5G Network Precision Timing

Advanced 5G use cases require more stringent latency requirements across the network from the central office to the edge. More precise clock synchronization can help solve this challenge. The Intel® Ethernet 700 Series Network Adapter with Hardware-Enhanced Precision Time Protocol (PTP) brings higher accuracy IEEE 1588 PTP synchronization signaling to the Ethernet and onto the Edge platform with lower TCO than existing hardware appliance-based approaches. This video provides a demonstration of Intel Ethernet 700 Series Hardware-Enhanced PTP capabilities for timing-critical applications.


Hello, I'm here to talk with you today about the Intel XXV710-DA2T network adapter that Intel is announcing. This is very similar to the existing hardware channel, XXV710-DA2 network adapter, but it adds some additional connectors on the front. This card, which we call Edgewater Channel, is specifically designed to provide additional timing capabilities to critical industries like telecom, financial markets, industrial, and energy distribution markets.

This adapter has two extra coaxial connectors on the front of it. And these coaxial connectors are designed to connect up to external timing devices, such as GPS devices or other timing-sync solutions. And you can use the second adapter to either audit the output from an individual NIC. Or you can actually use this to cascade solutions to other devices, if you want.

This network adapter has specific capabilities. We have an oscillator onboard this NIC that is about 5,000 times greater stability than the typical oscillator that is on a regular NIC. And together, this allows us to provide a timing solution that can give you the capability to connect up a GPS, or other timing solution, and provide timing across the network.

In this example demo configuration we have, we have two servers that are set up, each with an Edgewater Channel XXV710-DA2T card. And we are connecting them via an optical cable at 25 gigabits between these two. We also have SMA cables hooked up to the SMA connectors on here, so we can get one-pulse-per-second signals. And we are synchronizing these two servers across the network and then auditing the results through the SMA cable to see how well-aligned they are. When we look at these outputs on an oscilloscope, you can see that the output is very well-aligned.

In this demo, we are showing the output of the Linux standard PPP 4L commands that are outputting their synchronization accuracy at one-second intervals. In this configuration, we are doing 16 updates per second, so this is putting out the root mean square, the RMS value, the maximum error that it saw over those 16 values, and then some additional information on frequency and the delay, or timing, between the two servers.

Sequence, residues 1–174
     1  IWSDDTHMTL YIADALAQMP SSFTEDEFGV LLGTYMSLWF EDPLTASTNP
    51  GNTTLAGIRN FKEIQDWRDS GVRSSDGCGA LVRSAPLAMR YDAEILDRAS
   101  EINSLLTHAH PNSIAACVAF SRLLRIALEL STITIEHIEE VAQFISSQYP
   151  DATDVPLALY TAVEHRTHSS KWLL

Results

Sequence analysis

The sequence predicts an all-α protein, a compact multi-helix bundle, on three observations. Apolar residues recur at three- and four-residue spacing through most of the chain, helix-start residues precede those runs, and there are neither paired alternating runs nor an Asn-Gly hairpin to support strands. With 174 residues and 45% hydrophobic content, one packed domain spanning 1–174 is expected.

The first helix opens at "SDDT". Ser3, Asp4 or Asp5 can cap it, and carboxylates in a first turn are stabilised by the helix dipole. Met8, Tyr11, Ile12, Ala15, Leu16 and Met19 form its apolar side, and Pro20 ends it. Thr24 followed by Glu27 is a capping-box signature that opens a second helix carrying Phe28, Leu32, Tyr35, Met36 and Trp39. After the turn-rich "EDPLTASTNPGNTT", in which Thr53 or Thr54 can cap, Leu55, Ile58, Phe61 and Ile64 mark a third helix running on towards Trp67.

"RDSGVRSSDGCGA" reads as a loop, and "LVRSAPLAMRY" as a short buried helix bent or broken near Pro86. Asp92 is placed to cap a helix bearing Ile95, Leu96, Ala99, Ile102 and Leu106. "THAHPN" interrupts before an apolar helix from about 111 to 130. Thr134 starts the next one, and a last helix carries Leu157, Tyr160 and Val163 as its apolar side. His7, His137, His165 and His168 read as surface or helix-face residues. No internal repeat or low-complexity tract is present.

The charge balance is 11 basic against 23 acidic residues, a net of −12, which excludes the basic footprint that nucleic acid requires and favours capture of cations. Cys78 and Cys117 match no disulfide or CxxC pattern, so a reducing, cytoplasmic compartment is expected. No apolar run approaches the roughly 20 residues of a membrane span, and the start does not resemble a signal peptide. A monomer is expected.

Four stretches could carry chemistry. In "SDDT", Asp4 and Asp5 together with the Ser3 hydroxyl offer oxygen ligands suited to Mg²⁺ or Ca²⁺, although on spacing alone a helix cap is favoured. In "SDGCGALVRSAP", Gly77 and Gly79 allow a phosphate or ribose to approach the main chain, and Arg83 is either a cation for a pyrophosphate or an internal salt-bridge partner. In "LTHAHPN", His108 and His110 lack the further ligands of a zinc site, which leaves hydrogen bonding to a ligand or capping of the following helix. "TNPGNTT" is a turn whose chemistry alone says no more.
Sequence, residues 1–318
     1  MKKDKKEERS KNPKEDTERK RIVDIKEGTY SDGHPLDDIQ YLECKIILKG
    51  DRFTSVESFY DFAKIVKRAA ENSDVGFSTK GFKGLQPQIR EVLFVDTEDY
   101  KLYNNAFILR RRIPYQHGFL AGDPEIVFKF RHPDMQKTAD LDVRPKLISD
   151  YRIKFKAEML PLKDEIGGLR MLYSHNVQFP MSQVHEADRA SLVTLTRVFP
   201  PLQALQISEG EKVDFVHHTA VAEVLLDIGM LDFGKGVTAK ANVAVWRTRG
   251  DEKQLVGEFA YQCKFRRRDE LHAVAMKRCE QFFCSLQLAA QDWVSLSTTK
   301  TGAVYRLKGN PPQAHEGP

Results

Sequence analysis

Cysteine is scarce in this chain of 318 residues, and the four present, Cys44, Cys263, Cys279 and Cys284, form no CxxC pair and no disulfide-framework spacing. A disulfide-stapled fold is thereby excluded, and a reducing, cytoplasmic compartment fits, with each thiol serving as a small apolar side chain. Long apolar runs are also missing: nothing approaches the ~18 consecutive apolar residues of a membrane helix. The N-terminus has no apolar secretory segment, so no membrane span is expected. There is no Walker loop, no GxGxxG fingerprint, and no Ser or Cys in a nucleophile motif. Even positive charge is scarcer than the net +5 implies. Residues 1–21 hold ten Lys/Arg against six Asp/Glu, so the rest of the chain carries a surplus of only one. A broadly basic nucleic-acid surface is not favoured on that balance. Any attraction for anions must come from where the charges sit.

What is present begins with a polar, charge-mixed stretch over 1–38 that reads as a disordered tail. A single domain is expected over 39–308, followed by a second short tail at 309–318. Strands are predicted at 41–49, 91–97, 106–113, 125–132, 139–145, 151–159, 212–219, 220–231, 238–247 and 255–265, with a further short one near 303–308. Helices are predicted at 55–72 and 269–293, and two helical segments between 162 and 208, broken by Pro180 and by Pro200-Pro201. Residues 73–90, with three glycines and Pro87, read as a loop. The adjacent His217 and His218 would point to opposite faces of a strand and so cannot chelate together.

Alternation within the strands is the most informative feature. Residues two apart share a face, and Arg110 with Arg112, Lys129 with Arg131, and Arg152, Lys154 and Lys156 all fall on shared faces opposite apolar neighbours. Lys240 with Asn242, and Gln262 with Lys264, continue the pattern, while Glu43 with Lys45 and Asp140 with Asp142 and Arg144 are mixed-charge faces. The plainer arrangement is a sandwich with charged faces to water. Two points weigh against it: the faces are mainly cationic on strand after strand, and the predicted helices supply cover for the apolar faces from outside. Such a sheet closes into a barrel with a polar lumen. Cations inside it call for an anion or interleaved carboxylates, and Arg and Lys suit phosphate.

And we are doing these synchronizations on an ongoing basis every second. And you can see on screen here, where we are showing that we have an error in this particular configuration that is in the low-nanosecond range. And if I were to go and look at the oscilloscope, you can see that the one-pulse-per-second output on the oscilloscope is very tightly-aligned as well.

Now if I go into this system, and if I stop the system that is aligning with the other, it will no longer-- it will no longer be providing updates over here. And if you look at the oscilloscope, you can see that the oscilloscope is drifting because we are no longer synchronized. And on that screen, the bottom portion is the zoom-in of the upper portion. You can see that it is beginning to drift slowly and slowly out of there.

But even now, it's only about 50 nanoseconds out, when we have no synchronization going. If I go ahead and restart the synchronization and reset the statistics, you'll see that the synchronization will immediately come down to a few nanoseconds of time. And you can see onscreen how we have synchronized a one-pulse-per-second output.

As long as we are able to maintain our network synchronization, we are tightly-synchronized. And even when we lose synchronization, it very slowly drifts apart. It may look like a lot on the oscilloscope, but compared to a standard NIC, where this synchronization will go immediately into the microsecond range, this provides much greater stability.

Again, to stop the synchronization-- I will stop it. And then I will restart it. And you'll see onscreen that we're getting errors, and we'll see coalesce again on the scope.

As you've seen in this demo, the Intel Ethernet Network Adapter XXV710-DA2T provides very good synchronization capability. Not only does it have an oscillator onboard that's 5,000 times greater accuracy, it also provides additional connectors where each provide synchronization inputs or outputs that can be hooked up to a GPS or other timing-synchronization device or used to audit the performance of each node in the system. This is useful for customers like telco operators who want the ability to be able to get close to 100 nanoseconds' phase accuracy across their network in order to provide tighter locality for emergency services and other navigation-based applications using the capabilities of their advanced 5G networks.